Campus Housing Options: Where Will You Decide?


Gracie Thies, Editor

It’s finally that time in the semester when students can decide where they would like to live on campus. There are plenty of options, and each of them offers unique features.

The first of places to live on campus are the Courtyards. There is one single room and two double rooms along with a small kitchen and living room space. The bedrooms happen to be the largest of all living spaces on campus, which is one reason why so many students prefer these to other options. One of the disadvantages of living in this area, though, is the longer walk to class. During the winter there’s less motivation and more of a want to drive instead.

“I lived in the Courtyards during my sophomore year and I liked how there was so much space and it still included a kitchen,” said Isaiahs Mena. “We could still cook and there was plenty of space compared to the average college dorm.”

The next stop on campus is Townhouses. More people are capable of living here as they hold seven people, and it is suggested larger groups live here to avoid separation. There are two double rooms and three single rooms. Although there is a large kitchen and living space, it should be taken into consideration that the rooms are extremely small. Given the space, it is recommended that students keep the amount of furniture and other necessities to a minimum.

“Townhouses are good place to live but there’s a long walk to any location on campus and not a lot of space in the bedrooms for really anything,” said Jenna Moehn. “It was nice but nothing compared to living in Naber my freshman year.”

Duplex living room area.
Duplex double room.
Duplex kitchen area.

In addition, the Duplexes are one of the closest housing locations on campus as they are located across from the Administration building. They include two double rooms, 1 single room, living room space, and a large kitchen and dining space. One Residence Assistant lives in each Duplex. The bedrooms are about average size, but double rooms may need to have the beds bunked for sufficient space to bring in other furniture.

Cedar Creek living room area.
Cedar Creek double bedroom.
Cedar Creek kitchen area.

The last option is Cedar Creek. They are across the street from Naber and offer a more secluded dorm experience. Each building has eight apartments total, and either have one double room and one single room or two double rooms. There are also some apartments that have just one double room. The Cedar Creek apartments feature the most realistic two-bedroom apartment layout. It comes with a decent sized kitchen and dining space with more than enough room to have a movie night in the living room, for example. RA’s walk the halls, but never enter the apartment without knocking or having a reason to. Cedar is only housing option that most resembles a typical apartment off campus.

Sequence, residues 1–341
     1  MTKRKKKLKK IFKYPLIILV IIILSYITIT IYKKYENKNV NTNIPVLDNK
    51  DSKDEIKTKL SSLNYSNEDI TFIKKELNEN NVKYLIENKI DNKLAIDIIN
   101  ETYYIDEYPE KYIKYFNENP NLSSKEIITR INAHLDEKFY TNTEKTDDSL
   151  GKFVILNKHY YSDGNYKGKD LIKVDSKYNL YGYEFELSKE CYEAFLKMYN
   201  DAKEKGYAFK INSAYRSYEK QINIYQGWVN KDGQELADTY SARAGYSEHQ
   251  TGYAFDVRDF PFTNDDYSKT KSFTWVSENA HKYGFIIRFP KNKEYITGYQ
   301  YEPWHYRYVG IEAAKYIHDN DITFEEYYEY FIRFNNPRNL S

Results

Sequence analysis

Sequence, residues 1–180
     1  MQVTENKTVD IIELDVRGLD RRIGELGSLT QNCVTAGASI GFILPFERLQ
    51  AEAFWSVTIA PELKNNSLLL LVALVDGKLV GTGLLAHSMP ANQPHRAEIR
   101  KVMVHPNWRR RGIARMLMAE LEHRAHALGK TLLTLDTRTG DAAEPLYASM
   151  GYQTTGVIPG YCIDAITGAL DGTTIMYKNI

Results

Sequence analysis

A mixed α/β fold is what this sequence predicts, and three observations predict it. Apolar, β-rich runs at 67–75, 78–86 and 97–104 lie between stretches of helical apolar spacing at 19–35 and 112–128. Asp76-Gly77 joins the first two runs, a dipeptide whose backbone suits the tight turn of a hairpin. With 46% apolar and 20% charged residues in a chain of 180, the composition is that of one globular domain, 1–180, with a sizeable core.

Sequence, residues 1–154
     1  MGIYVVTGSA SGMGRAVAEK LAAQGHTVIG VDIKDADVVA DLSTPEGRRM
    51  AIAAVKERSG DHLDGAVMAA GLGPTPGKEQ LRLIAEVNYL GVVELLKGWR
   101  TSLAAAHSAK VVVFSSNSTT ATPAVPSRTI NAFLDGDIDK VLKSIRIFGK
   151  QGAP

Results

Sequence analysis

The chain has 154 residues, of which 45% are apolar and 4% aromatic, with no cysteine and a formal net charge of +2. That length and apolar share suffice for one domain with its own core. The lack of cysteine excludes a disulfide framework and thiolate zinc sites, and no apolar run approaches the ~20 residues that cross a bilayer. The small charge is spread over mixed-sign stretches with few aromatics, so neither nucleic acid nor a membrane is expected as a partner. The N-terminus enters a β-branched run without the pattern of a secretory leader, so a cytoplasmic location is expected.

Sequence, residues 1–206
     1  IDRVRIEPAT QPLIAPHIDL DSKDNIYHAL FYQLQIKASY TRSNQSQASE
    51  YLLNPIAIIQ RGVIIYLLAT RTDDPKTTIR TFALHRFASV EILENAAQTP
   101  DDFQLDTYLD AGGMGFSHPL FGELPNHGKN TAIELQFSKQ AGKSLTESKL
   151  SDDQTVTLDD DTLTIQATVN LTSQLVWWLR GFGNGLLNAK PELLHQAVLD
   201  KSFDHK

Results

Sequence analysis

“I lived in Naber, Townhouses, and Cedar Creek during my two years of living on campus,” said Amber McCalmon. “Of all the places, I loved Cedar Creek the best because I had a single room and it felt like I was actually living in an apartment instead of a dorm.” 

Although students did enjoy living on campus, they also had some ideas for improvement or changes that should be made to the campus housing department. Some of the buildings on campus are becoming outdated and could use a few additions. “I think Naber should have an air conditioner put in because it always got hot in the fall,” said Mena. 

There are also some concerns about those who may not want to live on campus and are not allowed to pursue that. Students have to be approved to live off campus during their second year because it is a requirement. “Students should be able to live off-campus their second year at Marian if they want to,” said McCalmon. There are unforeseen circumstances that can arise and students should be given more leeway if a legitimate reason should come up. “I would change the restriction of having to live on campus for two years because sophomores should have the ability to live off-campus if they choose to do so,” said Moehn.  

Since there are kitchens in all of the housing options, students have suggested removing the meal plan. Instead of going to the Hornung Student center for breakfast, lunch, and dinner, student can cook in the comfort of their own place. “I would change the rule of being required to have a meal plan if you have a full kitchen,” said Tyler VanRossum. “It costs the students a lot more to have the smallest meal plan when in reality they really don’t need it.”  

Some important deadlines to remember:  

  • March 27 – Room tours from 5 to 7 PM 
  • March 31 – Last day to turn in room & board contracts 
  • April 2 – Upperclassmen sign up from 5 to 8 PM 
  • April 3 – First year sign up from 5 to 9 PM